The longest month in rap history was already shimmering with possibility around Day 6 when Cardi B dropped a radioactive debut album overflowing with wild words. Suddenly, rap music felt a little bit bigger, and a woman was standing at its center.

Obviously, that didn’t last. It couldn’t have. Rap remains as fast, impatient, cruel and unusual as the nation that birthed it. How big is this music right now? Not just in terms of its prominence and reach, but in its aesthetic capaciousness? The critic Kodwo Eshun once called rap an “omni-genre,” an art form that allows human beings to say anything they could imagine over any sound that can be sampled. The month of April felt like a test of that idea’s tensile strength — a 30-day trial to find out if rap was big enough to hold a Pulitzer, a MAGA hat and two more Drake singles going No. 1.

On April 16, Kendrick Lamar probably became the most highly regarded rapper of all time by winning the Pulitzer Prize for music. Did you read the citation? The Pulitzer board called “DAMN.,” Lamar’s 2017 album, “a virtuosic song collection unified by its vernacular authenticity and rhythmic dynamism that offers affecting vignettes capturing the complexity of modern African-American life.”

Here was one way of looking at that: They had just described albums by Nas, 2Pac, Ice Cube, Lil Wayne and maybe 200 others, which means that their rap literacy probably needs a brush-up. Here was another way of looking at it: The prize wasn’t a recognition of Kendrick, but of rap music itself.

We all know that Kanye West abandoned the idea of institutional prestige years ago, and as if predicting Lamar’s surprise win, he returned to the fetid swamplands of Twitter on April 13 after a long break, sharing puddle-deep tips for personal transcendence, then threatening to collate them into a book of philosophy. Why did everyone care? Because these aphoristic little tweets were forming a jelly bean trail leading toward new music, and everyone likes jelly beans, even if they don’t like Kanye West. Surely nothing could go wrong.

And while “Surely Nothing Could Go Wrong” sounds like a plausible title for the upcoming Drake album, instead, Drake announced on April 16 that the next entry in his discography would, in fact, be called “Scorpion.” That same afternoon, his newest single, “Nice for What,” replaced his second-newest single, “God’s Plan,” at the summit of the Hot 100. He makes it look so easy, right? To maintain dominance, all he has to do sleepwalk to a Lauryn Hill sample, then sit courtside for the duration of the NBA playoffs. Drake is Waldo, always in the picture, even when the picture is a total mess.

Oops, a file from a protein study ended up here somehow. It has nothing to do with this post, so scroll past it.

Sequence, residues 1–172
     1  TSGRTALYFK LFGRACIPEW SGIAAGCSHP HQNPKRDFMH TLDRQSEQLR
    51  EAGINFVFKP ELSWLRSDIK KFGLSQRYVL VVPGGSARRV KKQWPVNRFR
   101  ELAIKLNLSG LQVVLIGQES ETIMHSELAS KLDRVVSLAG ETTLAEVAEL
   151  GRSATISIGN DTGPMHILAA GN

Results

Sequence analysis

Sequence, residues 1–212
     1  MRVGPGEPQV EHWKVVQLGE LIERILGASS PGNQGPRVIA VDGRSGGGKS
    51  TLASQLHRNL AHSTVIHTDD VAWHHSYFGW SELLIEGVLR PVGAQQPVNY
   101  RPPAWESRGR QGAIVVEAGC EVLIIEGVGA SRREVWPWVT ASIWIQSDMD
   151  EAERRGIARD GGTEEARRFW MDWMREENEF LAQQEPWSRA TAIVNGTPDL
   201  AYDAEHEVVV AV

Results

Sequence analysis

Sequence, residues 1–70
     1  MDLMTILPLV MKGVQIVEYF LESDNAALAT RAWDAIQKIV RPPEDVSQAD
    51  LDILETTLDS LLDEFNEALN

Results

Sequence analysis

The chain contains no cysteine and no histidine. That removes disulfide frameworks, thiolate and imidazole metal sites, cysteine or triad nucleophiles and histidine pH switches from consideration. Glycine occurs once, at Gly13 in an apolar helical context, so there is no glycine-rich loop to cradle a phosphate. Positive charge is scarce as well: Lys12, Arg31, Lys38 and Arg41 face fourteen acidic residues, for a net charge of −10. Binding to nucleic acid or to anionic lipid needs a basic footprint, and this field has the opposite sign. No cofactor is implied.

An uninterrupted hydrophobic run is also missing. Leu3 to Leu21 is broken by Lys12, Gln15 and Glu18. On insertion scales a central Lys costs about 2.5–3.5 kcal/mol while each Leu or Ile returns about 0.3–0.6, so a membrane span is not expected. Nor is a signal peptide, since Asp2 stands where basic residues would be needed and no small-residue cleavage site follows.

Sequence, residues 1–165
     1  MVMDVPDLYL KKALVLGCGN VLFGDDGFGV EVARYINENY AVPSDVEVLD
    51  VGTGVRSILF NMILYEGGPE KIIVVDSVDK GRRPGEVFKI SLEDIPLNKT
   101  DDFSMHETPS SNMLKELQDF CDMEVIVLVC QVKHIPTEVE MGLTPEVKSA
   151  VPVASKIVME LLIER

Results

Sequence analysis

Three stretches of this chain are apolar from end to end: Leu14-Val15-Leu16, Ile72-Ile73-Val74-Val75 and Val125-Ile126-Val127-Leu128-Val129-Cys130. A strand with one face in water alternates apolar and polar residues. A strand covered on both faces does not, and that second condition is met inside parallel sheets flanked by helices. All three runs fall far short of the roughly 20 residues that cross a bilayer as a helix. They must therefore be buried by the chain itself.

West is the guy who makes it look so hard, the guy who makes everything messier, the guy who, on April 25, called President Trump “my brother,” then tweeted a MAGA hat selfie, sending fans, friends and peers into death spirals of grief. What was happening to Kanye? And how well did he know his new brother? Did he know anything about the Central Park Five, or what ICE has been up to, or what those “very fine people” down in Charlottesville were marching for? How could someone who makes music that sounds like the mood of our world be so blind to what’s been happening in our world?

“I haven’t done enough research on conservatives to call myself or be called one,” he tweeted that same day. “I’m just refusing to be enslaved by monolithic thought.” But West also called his fans a “mob,” and accused them of encroaching on his “free” thinking, failing to reinforce his ideas with any kind of critical thinking, failing to realize that his fame was already being weaponized by Republican fundraisers, Fox News pundits and alt-right trolls.

So as West drifted off the face of the earth, a few loyal apostles followed him into oblivion. On April 25, Chance the Rapper tweeted, “Black people don’t have to be democrats,” only to walk back his statement on April 27, shortly after Trump publicly thanked him for supporting his agenda. As the mounting surrealism chewed up our bandwidth, other news simply got buried — including an interview that surfaced on April 26 in which the singer Kelis accused her ex-husband Nas of physically and mentally abusing her during their five-year marriage. On any other day, this would have triggered a catastrophic fall from grace, but it barely blipped. Maybe the discussion has been tabled until Nas drops his new album, (produced by Kanye West, no joke), in June.

April ended on Monday with West talking about how “love is infinite,” and how the Republican Party freed the slaves. Was he lost or oblivious? (Did getting lost make him oblivious, or did being oblivious get him lost?) The answers didn’t really matter because West had two new songs to sell, and later that afternoon, his publicist dropped a news release into the digital breeze. ‘“LIFT YOURSELF” & “YE vs THE PEOPLE” AVAILABLE FOR STREAMING AND DOWNLOAD NOW!”’

It had only been two weeks since rap had won a Pulitzer, but it felt as if the great American omni-genre had begun to lose its shape, accelerating toward a conclusion that hurts to think about: Once this music finally grows large enough to contain everything, it will mean nothing at all.